Today was the most "tourist-y" day we've had so far.
After a breakfast provided by our hotel this morning, Neal and I were off to change money (a most necessary exercise!), and wander down Dizengoff Street to look at the shops. The humidity in Tel Aviv is much higher than in Jerusalem, but the terrain is much flatter and the sidewalk (stones) are not as slippery. Consequently, I found myself bopping along at a good pace instead of picking my way gingerly up and down the hills. I'd felt old and more infirm in Jerusalem - Tel Aviv makes me feel like maybe I haven't quite lost "it" yet.
Dizengoff was shady and the sidewalks were wide, so we ambled along for a while.... And then of course, I saw a Crocs store and I was gone! (Others go for jewelry and other adornments. Me, I go for Crocs - hmm, not quite sure what that says about me.) It's actually all Barb's fault - she introduced me to them in Atlanta!
I got a great pair of one of the newer styles. Not really on sale, but probably a little cheaper than I would have been able to get them in Maryland, if I'd been able to find them.
Neal pointed us in the direction of Ben Gurion's home. No cost to get in and a chance to see the house kept as it was when he died. Neal called it "Israel's Mount Vernon" -- and although it was a fraction of the size, the significance is probably pretty similar.
What amazed me was that in the four upstairs rooms, plus one room on the first level, there were over 20,000 books - floor to ceiling in most cases. Subjects ranged from Greek and Latin classics to Jewish law to Kabbalah to American history, French history and more. Not just one or two volumes of each, but shelves and shelves and shelves. It was humbling to think about how well-read he was - even as he was busy building a county - and how narrow and liminted my own reading is in comparison.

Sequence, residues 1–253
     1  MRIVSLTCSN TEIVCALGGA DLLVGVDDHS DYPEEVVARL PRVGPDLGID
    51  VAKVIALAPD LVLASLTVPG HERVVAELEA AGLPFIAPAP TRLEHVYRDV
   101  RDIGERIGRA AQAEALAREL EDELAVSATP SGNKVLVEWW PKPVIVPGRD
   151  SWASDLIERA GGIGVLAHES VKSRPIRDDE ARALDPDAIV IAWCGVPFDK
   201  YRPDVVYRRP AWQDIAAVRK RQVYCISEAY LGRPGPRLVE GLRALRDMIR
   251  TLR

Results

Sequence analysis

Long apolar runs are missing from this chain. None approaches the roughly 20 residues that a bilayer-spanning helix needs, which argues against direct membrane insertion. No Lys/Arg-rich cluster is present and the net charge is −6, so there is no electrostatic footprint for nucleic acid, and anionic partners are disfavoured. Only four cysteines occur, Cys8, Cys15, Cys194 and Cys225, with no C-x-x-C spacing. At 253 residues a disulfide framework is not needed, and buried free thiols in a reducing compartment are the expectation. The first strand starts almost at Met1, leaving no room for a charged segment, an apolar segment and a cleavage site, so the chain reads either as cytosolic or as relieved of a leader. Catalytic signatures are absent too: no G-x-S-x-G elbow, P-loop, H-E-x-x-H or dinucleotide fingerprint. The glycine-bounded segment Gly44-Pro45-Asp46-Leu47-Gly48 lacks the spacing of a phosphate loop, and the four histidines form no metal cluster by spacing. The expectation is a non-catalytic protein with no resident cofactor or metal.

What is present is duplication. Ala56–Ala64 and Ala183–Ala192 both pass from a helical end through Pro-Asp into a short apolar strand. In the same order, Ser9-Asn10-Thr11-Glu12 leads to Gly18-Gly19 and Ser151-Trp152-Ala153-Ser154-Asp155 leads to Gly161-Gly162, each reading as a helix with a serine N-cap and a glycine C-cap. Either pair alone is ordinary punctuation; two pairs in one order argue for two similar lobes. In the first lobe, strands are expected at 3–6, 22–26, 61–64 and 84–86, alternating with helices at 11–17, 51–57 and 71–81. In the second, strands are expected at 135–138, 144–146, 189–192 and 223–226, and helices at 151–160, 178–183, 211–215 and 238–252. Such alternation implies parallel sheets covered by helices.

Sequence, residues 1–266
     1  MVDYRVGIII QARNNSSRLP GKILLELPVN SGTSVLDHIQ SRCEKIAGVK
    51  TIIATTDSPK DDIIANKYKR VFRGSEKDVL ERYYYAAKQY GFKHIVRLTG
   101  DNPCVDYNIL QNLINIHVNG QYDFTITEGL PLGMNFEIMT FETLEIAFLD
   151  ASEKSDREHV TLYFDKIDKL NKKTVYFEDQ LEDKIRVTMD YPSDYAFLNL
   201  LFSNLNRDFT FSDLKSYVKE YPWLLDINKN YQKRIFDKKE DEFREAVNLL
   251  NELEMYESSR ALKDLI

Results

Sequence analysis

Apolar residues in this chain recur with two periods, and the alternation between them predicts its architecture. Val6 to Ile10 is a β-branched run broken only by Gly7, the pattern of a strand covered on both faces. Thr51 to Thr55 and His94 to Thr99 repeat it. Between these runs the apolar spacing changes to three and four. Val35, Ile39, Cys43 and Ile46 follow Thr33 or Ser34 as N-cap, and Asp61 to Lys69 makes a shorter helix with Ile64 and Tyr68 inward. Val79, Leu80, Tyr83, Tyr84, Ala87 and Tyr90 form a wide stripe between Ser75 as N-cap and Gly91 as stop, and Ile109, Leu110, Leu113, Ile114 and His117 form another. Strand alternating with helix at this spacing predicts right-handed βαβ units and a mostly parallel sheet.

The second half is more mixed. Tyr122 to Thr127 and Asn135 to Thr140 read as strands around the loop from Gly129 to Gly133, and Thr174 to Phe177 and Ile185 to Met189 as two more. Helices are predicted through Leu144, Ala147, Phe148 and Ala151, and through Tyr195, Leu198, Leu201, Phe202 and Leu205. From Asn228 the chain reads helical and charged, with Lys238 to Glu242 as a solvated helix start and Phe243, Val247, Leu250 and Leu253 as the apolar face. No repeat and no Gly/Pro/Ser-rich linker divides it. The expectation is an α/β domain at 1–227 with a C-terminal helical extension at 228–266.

We went back to Benedict's for lunch (shakshuka again for me; something different for Neal) and saw our "new friend," Renee - the head wait person, who we'd met last evening. Renee is an interesting person: she's just returned to Israel about a year ago after having spent 8 years in the United States - living in Pittsburg, Chicago, New York and Baltimore. It was fun to compare memories of some of the same places! Lunch time is much busier at Benedict's than early evening is, so Renee had just a few moments to talk in between seating customers, clearing tables, and helping to serve customers. When I told her that I'd blogged about Benedict's, she beamed and then said teasingly, "Make sure you tell your friends how great the service is, too!" So, here's to Renee and her co-workers - all of whom know the meaning of the phrase "service with a smile."
After a brief rest, we headed out to the Palmach Museum. When our son visited Israel two summers ago, he said that if there was no other museum we visited, we had to go to the Palmach. He couldn't quite articulate why we had to go - just that we did.
It was a very moving experience. I understand why our son found it so difficult to articulate.... I need to let things roll around for a while before they become clearer.
After a "happy hour snack" provided by our hotel, we (again) rested for a bit and then headed across the street to the Hilton beach. Although it's next to the Hilton Hotel, all beaches in Israel, our front-desk person told us proudly, are public beaches. The Hilton Beach is lovely, the sand was cool underfoot and the water was tepid. Neal snagged two chaise lounges and I plopped down (he went swimming). We'd hoped to get there in time for sunset, but it was hazy and not very picturesque.
But the breeze was pleasant. It was quiet. A wonderful opportunity to pause and reflect on a very busy day.
Although it's only 10:30 pm here, we'll be turning in soon - tomorrow morning, we're leaving at 7:15 for a day trip!
Lailah tov /good night & pleasant dreams from Tel Aviv!